New Hampshire Culture

Culture in New Hampshire

            The culture of New Hampshire was comprised of farmers and working class people that worked in cities near the ocean. Many people lived in log cabins and had fireplaces to keep warm during the winters. The fireplaces were usually quite large and used up large quantities of wood in the backcountry. The majority of people living in New Hampshire did not have slaves for farming or jobs in the city. Many people either farmed or worked in the shipping business. The life of the farmers was very similar to the lives of farmers in other parts of the country for example the family would work from dusk to dawn and the jobs would be distributed to different family members. The jobs in the larger cities included ship building, fishing, and working in the lumber mills.

(Old School House)

Education and religion were important in New Hampshire’s culture because the pilgrims founded New Hampshire and the law made it mandatory that towns have a schoolhouse with more than fifty households. All citizens of a town were expected to show up for church services and practice the common religion of puritan.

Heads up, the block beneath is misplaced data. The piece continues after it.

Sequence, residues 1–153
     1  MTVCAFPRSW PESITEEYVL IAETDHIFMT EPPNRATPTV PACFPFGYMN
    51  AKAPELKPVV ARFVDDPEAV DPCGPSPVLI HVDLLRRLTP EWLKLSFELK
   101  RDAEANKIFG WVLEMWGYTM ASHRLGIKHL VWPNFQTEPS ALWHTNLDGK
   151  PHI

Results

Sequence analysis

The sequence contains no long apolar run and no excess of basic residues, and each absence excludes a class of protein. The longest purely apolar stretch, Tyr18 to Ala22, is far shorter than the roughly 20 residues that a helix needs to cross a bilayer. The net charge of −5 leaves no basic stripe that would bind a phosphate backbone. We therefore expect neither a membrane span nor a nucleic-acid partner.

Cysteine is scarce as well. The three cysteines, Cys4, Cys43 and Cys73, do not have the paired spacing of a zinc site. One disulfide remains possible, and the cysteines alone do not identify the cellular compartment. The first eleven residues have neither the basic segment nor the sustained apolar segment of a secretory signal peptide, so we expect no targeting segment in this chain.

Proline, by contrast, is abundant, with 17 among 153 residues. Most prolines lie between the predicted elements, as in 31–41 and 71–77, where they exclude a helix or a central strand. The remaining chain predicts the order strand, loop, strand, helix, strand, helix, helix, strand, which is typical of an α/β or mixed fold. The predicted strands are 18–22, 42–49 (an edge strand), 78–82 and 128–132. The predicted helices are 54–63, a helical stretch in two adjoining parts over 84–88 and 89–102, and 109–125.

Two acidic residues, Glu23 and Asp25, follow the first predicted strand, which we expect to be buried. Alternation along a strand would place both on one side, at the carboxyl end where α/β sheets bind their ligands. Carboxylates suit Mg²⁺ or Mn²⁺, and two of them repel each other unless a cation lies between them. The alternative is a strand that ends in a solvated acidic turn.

Famous people that were born in the 1780s included the author Sarah Joespha Hale that wrote “Mary Had a Little Lamb” and the famous Daniel Webster who was a lawyer and secretary. Webster was a graduate of Dartmouth and was a large supporter of American nationalism.

Bibliography

“New Hampshire Historical Society – New Hampshire People and New Hampshire Culture.” New Hampshire Historical Society – New Hampshire People and New Hampshire Culture. N.p., n.d. Web. 06 Dec. 2012.

 

Orrill, Jim. “Daily Life of Colonial New Hampshire.” EHow. Demand Media, 02 Oct. 2010. Web. 06 Dec. 2012.

 

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